The Dongzhi Festival is a Winter Solstice tradition observed in China, Taiwan, Japan, Korea, and Vietnam every year. It’s a holiday that falls during the Dongzhi Solar Term, or winter solstice, between December 21st and December 23rd. Depending on where it’s observed, it’s celebrated with different customs and celebrations.
For instance, in Northern China, it’s common to eat fatty dumplings made with ginger on this day, but in Southern China, dumplings aren’t as common. In most places where it’s observed, however, it’s customary to visit ancestral tombs and offer gifts to the spirits of the dead. It’s also customary to enjoy a sweet glutinous rice ball called tangyuan on this day.
Observing The Dongzhi Festival
This holiday is observed with visits to ancestral tombs and by giving food and/or gifts to the spirits of deceased ancestors. Balls of glutinous rice called tangyuan are often made and served on this holiday and are sometimes brightly colored. Traditionally, family members will receive one large tangyuan and several small ones.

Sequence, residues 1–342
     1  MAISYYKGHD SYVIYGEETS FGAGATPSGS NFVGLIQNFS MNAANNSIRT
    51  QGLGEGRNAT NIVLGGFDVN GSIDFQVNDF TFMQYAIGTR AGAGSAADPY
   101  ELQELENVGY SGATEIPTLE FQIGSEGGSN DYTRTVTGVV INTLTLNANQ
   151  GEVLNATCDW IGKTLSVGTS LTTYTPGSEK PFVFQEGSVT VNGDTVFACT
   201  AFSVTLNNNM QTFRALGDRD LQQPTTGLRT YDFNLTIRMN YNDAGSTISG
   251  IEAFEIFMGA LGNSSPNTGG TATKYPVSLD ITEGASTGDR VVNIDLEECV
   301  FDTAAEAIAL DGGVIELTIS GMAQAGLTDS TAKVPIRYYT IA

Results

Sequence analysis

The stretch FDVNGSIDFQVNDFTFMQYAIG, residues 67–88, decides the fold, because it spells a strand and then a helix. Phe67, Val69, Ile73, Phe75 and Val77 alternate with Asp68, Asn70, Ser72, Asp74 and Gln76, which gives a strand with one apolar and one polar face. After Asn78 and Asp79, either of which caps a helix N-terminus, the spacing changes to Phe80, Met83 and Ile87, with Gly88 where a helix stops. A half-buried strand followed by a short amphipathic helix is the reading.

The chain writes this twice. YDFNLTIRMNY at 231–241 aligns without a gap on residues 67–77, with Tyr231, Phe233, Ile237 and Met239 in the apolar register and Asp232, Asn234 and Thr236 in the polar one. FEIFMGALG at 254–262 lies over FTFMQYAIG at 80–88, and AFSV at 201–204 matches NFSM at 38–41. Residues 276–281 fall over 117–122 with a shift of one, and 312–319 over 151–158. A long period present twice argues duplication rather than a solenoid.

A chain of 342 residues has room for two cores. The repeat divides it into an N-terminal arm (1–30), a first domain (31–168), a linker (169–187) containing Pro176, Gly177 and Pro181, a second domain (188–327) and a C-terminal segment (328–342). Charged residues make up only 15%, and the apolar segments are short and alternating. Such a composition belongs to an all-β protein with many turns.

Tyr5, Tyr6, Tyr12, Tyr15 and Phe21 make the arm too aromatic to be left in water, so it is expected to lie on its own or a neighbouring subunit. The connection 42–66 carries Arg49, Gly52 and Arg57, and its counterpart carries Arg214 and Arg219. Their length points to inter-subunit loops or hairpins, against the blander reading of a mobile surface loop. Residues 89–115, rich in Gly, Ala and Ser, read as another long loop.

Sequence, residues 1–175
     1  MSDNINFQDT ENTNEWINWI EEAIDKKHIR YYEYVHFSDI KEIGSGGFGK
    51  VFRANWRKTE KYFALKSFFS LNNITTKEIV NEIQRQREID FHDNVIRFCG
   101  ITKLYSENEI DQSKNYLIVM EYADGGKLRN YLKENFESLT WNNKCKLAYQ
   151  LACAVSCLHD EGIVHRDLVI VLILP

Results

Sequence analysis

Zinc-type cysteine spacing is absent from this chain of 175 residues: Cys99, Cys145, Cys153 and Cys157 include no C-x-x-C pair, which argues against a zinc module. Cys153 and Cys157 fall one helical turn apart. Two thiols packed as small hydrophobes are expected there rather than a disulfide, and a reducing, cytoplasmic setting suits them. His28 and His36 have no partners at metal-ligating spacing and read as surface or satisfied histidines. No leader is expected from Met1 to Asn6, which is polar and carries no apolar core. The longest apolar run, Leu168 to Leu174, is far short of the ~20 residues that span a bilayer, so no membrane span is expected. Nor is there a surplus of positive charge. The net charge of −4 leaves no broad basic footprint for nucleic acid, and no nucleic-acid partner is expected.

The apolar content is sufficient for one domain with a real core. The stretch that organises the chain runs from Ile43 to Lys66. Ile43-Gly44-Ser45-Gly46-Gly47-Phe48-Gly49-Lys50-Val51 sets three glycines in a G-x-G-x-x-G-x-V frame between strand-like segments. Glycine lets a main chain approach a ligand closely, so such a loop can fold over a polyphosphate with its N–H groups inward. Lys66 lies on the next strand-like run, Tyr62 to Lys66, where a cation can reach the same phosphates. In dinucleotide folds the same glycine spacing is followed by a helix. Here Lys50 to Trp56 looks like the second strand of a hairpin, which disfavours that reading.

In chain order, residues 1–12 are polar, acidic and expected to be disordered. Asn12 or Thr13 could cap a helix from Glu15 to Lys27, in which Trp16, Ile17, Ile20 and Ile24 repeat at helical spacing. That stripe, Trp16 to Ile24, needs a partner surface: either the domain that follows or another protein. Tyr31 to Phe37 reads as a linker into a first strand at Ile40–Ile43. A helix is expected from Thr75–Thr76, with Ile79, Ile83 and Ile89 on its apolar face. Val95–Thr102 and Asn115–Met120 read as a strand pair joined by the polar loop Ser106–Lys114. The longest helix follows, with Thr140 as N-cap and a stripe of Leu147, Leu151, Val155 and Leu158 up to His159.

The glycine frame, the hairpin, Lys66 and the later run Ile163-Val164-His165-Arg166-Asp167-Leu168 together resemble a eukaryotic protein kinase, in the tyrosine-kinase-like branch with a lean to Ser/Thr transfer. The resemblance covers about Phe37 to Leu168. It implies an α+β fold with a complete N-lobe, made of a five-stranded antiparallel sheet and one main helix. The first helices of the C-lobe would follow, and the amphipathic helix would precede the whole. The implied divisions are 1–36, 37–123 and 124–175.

This Chinese dessert symbolizes reunions and is often served in sweet soup or sometimes in a savory broth. A beverage that is often served with this is Jiujiang—a mildly alcoholic rice wine that has sweet osmanthus flowers and whole grains of glutinous rice.
In Northern China, crescent-shaped dumplings are served, and they can be filled with anything from celery or cabbage to mushroom, beef, or fish. In Southern China, tangyuan is often made into a full meal by stuffing them with meat or bean paste with herbs. In Taiwan, nine-layer cakes are made from rice flour and shaped like animals.
These cakes will be offered to their ancestors. In Japan, people will often eat foods that end with an “n” to foster good luck. This includes eating foods such as carrot (ninjin) and ginkgo nut (ginnan). People will also cook with pumpkin and enjoy yuzu baths.